Family, neighbors, activists and politicians are incensed at the NYPD after a rookie cop "accidentally" fatally shot an unarmed man in Brooklyn on Thursday. "We believe he intentionally fired his weapon because he’s inexperienced and frightened, over what we don’t know," said Assemblyman-elect Charles Barron, referring to Officer Peter Liang.

Liang shot 28-year-old Akai Gurley, whom NYPD Commissioner Bratton described as a "total innocent" at a press conference yesterday. Gurley had entered a dark stairwell with his girlfriend at the Pink Houses in East New York shortly after 11 p.m. Thursday, just as Liang and his partner were proceeding down from the landing one flight up as part of their "vertical patrol." No words were exchanged between the two parties, but Liang, who was carrying a flashlight and whose gun was already drawn, fired one round, fatally striking Gurley in the chest.

"They could’ve yelled, 'Stop! Turn around! Hands up!' " Veronica Newsome, a resident of the Pink Houses, told the Post.

Much of the criticism has turned toward those "vertical patrols." Bratton defended the patrols yesterday: "These are an essential part of policing, every bit as essential in policing housing developments as the sector car is to policing the streets of a precinct." But it seems many inexperienced rookies are assigned these patrols, and they often come in darkened, confusing, neglected complexes like the Pink Houses.

"In crime-ridden neighborhoods, rookie officers should never be operating on their own," said Public Advocate Letitia James. "They must be paired with highly trained and seasoned police officers, a policy promulgated by Commissioner [Bill] Bratton but which has yet to be implemented citywide."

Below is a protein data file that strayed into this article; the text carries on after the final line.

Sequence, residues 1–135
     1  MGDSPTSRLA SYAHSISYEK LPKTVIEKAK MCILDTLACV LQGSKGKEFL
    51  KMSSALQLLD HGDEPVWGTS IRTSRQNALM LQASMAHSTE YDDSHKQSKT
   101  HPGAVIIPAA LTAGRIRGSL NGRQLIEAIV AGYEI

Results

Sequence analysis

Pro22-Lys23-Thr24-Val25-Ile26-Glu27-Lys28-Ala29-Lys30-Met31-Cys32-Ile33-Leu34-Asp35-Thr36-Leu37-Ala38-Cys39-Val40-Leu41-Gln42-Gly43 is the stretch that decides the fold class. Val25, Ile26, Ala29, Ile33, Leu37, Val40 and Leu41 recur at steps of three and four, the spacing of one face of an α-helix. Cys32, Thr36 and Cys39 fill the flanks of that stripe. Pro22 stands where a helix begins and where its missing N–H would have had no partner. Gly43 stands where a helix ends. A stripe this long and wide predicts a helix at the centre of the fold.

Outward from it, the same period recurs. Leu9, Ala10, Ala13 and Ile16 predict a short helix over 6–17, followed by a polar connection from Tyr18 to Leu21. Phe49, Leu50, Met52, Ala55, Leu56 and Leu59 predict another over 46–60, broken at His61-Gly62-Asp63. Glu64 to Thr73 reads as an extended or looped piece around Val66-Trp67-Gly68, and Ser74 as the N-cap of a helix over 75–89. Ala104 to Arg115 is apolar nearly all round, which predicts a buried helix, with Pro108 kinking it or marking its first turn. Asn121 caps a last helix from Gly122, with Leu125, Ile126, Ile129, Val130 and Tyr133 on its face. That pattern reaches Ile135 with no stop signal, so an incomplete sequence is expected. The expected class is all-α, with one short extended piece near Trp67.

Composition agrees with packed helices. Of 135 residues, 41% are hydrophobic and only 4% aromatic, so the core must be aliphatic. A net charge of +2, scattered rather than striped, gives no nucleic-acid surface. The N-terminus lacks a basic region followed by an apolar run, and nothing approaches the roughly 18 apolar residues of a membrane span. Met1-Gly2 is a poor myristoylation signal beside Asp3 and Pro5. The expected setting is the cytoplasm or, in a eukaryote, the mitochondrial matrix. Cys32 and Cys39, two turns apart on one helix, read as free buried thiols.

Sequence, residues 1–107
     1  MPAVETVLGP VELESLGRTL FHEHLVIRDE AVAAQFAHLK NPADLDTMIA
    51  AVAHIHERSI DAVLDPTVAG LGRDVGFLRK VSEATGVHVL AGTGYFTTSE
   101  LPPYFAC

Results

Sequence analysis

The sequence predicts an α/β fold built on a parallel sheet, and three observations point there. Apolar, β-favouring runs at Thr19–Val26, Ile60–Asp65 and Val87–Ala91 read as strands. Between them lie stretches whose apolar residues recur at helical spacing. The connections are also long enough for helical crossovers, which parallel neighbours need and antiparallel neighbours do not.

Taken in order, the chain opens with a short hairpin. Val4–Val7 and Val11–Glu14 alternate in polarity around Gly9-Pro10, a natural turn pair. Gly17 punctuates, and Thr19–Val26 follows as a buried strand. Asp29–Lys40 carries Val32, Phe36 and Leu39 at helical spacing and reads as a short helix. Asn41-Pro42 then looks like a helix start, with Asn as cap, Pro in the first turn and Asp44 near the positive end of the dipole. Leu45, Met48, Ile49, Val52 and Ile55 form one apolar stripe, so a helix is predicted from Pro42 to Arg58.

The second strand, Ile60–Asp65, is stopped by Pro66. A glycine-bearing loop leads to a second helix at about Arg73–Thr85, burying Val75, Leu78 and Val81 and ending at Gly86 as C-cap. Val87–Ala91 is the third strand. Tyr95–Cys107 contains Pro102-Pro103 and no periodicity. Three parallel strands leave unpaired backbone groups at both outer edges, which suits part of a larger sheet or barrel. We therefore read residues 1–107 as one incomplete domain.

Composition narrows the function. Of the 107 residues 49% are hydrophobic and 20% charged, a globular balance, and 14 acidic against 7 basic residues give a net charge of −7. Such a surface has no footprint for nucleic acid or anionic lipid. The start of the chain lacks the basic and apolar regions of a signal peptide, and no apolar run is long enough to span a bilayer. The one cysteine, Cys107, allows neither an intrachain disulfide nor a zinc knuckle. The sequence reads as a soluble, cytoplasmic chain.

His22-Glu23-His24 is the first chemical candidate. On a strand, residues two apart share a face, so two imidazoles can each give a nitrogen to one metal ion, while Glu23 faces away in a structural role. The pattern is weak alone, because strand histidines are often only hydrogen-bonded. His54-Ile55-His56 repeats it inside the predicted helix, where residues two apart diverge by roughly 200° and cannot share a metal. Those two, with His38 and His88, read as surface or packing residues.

"There have been long standing concerns about how vertical patrols have been carried out over the years and many complaints of mistreatment of public housing residents,” added NYCLU Executive Director Donna Lieberman. "It’s important that there be a close examination of the vertical patrol tactics and training."

Former officers defended Liang's decision to take his gun out while patrolling: "It brings the police officer to a higher standard of protection when it’s dark," retired deputy inspector John C. Cerar told the Times, adding that it was within protocol for the officer. “I think all of us would rather be in an area that is lit rather than unlit.”

In a seemingly now-deleted comment in the initial Times article about the matter of Liang taking his gun out under those circumstances, community advocate and Al Sharpton associate Tony Herbert told them, "I’d probably do the same thing."

Liang, who has been on the job about a year and a half, has been placed on modified duty pending the outcome of an Internal Affairs investigation.

Residents have continually complained about the conditions at the Pink Houses; the lights in the part of the stairwell in which Gurley was shot were out at the time of the incident. "Work doesn’t get done until someone gets killed,” Earl Greggs, who lives on the third floor and heard the shooting, told the Post. "Now they come around here today and put up the lights all over the building."

Patrick Lynch, president of the Patrolmen’s Benevolent Association union, agreed that the conditions at Pink Houses are deplorable and dangerous: "Dimly lit stairways and dilapidated conditions create fertile ground for violent crime while the constant presence of illegal firearms creates a dangerous and highly volatile environment for police officers and residents alike," he said in a statement. "The Pink Houses are among the most dangerous projects in the city, and their stairwells are the most dangerous places in the projects."

The city Department of Investigation issued a report Friday blasting the city for insufficient amount of security cameras in the building: "[The] investigation demonstrated that not only is it feasible to expedite the process to fund and install cameras and other security enhancements in public housing, but it is sustainable," said Mark Peters, the department’s commissioner.